Donna Holloway

Donna Holloway speaks to the Southaven Police Department’s Volunteers In Policing, or VIPs, during their meeting on Tuesday evening at the department’s West Precinct. Holloway Friday retired from a 28-year career with the department and 30-year career in law enforcement.

When a police officer hears that final out-of-service call, also known as the “final shift call” on the radio, a bevy of emotions take place. That announcement from the dispatcher means a man or woman who has dedicated his or her entire career to protecting and serving the community now sees that the door from working career to retirement is opening in front of them. 

For some, there may be sadness, for some possible relief, but for almost all of them who have put in the time, the sacrifice and commitment knowing they may not return home at night to their families, there is the satisfaction of a job well done.

Such is the case for Southaven Police Sgt. Donna Holloway, who last Friday at 4 p.m. heard her ‘final shift call’ that ended a 30-year career in law enforcement, 28 of them with the Southaven department. Holloway, who finished her time as a School Resource Officer (SRO) for Hope Sullivan and Southaven Elementary schools, was called in from doing something she has wanted to do her entire life.

“I’ve always wanted to do police work, even when I was in high school,” Holloway said. “I started my career dispatching and worked for the Sheriff’s Department for about two years and then I came to Southaven and have been here for almost 28 years.”

Holloway’s law enforcement experience has included time as a dispatcher, time on the streets, and the past 14 years as an SRO at Hope Sullivan, Southaven Elementary, Southaven Intermediate, Greenbrook, and Magnolia schools. It is her work with youngsters that has given Holloway the most satisfaction.

“That makes me proud more than anything because that was probably my best years, being an SRO,” Holloway said. “I enjoyed getting the bad guys when they do something wrong, but being able to impact a young child’s life and get them to go down the right path is awesome.”

Holloway also defends the concept of having police officers patrolling inside local schools.

“SRO’s are a deterrent, first of all, from anybody coming in and doing harm,” she explained. “Being able to protect the teachers, the students, and the principals at the schools is a rewarding feeling. People are looking for a soft target and our schools are soft targets.”

As a dispatcher, Holloway quickly learned about dealing with the stress a law enforcement career requires. During a crime situation, being back at the dispatch center means a cool head and the requirement to do several important tasks, many times at the same time.

“You’re trying to keep people calm and you’re trying to stay calm and you’re trying to put out the best information you can for the officers, so they will be safe,” Holloway said. “If you have multiple calls coming in, you have a lot going on. You have to be able to multitask, for sure.”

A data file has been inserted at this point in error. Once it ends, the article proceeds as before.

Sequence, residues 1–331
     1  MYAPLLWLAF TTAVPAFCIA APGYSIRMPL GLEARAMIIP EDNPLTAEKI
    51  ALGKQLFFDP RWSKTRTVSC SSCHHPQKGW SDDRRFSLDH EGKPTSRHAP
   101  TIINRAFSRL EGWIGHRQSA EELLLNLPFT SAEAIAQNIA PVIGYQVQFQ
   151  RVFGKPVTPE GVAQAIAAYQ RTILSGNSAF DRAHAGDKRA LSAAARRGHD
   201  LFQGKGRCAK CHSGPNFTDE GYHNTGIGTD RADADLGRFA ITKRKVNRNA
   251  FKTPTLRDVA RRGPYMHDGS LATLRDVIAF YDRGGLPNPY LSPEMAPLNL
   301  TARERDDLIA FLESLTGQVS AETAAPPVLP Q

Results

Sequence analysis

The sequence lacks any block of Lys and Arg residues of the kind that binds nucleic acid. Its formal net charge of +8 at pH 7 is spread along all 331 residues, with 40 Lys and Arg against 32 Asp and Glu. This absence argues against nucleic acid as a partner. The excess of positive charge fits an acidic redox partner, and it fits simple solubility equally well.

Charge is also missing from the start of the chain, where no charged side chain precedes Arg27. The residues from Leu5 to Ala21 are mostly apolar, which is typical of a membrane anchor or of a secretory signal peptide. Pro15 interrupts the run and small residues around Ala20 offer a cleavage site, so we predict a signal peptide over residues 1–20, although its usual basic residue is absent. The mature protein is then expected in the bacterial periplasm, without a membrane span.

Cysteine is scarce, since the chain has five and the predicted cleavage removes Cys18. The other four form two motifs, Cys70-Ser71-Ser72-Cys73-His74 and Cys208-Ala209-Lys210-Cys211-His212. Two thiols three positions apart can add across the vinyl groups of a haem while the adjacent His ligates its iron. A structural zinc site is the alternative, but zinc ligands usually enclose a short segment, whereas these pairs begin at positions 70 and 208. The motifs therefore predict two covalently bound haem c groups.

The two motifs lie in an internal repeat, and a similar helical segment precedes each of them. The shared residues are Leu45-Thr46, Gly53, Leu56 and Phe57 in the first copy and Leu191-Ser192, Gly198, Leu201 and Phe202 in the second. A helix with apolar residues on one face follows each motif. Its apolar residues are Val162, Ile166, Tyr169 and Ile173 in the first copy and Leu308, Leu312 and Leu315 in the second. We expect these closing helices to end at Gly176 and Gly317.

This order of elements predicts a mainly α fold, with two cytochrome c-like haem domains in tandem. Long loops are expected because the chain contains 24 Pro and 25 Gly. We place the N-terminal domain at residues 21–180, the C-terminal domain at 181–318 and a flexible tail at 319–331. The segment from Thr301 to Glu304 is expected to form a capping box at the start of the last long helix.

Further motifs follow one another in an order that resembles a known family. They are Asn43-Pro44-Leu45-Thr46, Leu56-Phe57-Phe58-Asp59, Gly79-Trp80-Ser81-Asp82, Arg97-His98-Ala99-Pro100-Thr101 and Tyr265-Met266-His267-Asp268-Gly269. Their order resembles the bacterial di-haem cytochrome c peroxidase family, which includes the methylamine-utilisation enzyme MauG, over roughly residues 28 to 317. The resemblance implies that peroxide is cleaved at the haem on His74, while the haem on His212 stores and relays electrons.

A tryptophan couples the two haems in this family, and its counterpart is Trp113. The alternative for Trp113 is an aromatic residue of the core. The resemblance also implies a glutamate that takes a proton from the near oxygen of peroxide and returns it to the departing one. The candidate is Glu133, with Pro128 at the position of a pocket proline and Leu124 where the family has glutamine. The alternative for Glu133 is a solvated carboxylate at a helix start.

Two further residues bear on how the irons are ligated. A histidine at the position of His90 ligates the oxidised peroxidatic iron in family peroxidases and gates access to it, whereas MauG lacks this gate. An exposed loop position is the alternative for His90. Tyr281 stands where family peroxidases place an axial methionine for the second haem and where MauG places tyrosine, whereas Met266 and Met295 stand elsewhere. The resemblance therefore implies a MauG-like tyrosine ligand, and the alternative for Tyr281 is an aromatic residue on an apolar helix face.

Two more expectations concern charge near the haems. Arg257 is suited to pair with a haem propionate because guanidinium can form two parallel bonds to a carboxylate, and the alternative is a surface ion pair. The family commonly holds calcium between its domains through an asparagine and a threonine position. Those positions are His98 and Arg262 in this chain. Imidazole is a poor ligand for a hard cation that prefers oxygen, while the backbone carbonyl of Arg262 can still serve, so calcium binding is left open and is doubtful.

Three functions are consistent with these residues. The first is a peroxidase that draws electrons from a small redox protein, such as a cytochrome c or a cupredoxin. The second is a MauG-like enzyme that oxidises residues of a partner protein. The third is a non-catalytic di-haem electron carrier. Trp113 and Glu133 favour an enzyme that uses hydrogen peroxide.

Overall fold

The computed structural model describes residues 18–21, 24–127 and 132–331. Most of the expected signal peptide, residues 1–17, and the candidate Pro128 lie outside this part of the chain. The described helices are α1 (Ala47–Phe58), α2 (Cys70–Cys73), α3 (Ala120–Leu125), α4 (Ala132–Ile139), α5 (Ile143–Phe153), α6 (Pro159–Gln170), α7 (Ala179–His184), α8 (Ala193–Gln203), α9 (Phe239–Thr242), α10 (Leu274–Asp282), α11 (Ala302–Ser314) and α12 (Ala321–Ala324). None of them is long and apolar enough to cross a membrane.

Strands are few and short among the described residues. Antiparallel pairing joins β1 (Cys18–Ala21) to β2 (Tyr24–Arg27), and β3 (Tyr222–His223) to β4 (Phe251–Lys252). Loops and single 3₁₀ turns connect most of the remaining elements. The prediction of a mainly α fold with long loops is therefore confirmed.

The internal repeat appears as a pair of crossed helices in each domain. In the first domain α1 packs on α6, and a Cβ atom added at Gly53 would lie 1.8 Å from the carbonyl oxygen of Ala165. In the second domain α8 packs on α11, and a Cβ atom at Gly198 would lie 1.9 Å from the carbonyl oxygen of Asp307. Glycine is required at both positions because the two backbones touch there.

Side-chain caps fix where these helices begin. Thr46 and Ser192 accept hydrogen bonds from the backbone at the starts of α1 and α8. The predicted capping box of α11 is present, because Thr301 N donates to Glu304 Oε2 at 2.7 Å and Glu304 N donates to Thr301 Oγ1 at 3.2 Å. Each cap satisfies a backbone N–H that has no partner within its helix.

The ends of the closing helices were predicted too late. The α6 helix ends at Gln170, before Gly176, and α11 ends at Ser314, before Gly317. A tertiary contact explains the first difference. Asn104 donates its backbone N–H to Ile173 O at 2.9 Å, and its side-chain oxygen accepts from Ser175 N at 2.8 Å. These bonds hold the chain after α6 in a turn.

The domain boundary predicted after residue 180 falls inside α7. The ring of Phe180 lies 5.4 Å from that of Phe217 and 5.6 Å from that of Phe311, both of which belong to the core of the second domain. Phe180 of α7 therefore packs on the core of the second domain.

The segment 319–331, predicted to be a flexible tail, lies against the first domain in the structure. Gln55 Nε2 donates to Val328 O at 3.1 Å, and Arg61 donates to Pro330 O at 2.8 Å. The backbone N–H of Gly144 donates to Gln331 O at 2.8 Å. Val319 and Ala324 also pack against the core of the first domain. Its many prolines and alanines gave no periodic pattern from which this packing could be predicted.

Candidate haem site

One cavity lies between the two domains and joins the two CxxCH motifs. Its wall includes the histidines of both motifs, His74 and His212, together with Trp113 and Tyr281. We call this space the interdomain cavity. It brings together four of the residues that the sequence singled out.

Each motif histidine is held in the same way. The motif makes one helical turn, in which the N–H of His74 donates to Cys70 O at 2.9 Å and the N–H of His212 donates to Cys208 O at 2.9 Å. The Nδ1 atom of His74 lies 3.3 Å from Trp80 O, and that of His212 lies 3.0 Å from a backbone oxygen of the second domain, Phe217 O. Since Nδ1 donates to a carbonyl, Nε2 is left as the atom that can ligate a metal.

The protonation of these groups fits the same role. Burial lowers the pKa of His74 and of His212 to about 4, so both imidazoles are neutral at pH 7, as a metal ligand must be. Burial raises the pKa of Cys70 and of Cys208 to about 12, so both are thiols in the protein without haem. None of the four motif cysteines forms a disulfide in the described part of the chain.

Holloway especially had to rely on her training on two occasions 10 years apart when she had to fire her weapon to respond to a pair of incidents. In 2005, Holloway had to fire and wound a fleeing suspect accused in the robbery of Hubcap Annie’s in Horn Lake. Ten years later in 2015, a man wanted in Missouri was attempted to escape as Horn Lake and Southaven officers tried to capture him along I-55 near Goodman Road. The suspect swerved his car toward her squad car in the median and she had to fire to defend herself.

In both cases, there is little time to think.

“Your training kicks in because you get tunnel vision and I’m very thankful for that,” said Holloway. “You have a fear that someone's trying to kill you, so then you get a little angry at the same time. You have to do something to save yourself.”

Another program Holloway was active in as a police officer was Shop With A Cop, where selected youngsters in need are assisted by an officer in choosing Christmas gifts that are paid for by funds the department was able to raise. Holloway embraced that program for 14 years.

“You’re helping kids in the community that may not have a very good Christmas,” she said. “I usually get the names of the kids from my school counselors and teachers, because they know the kids that are in need. It’s so rewarding. You get to see the kids’ eyes light up and know they get to take those gifts home.”

Holloway still plans to be active in support of the schools and will also be part of the police department’s Volunteers In Policing program as she enters retirement.

Bob Bakken is Managing Editor of the DeSoto Times-Tribune.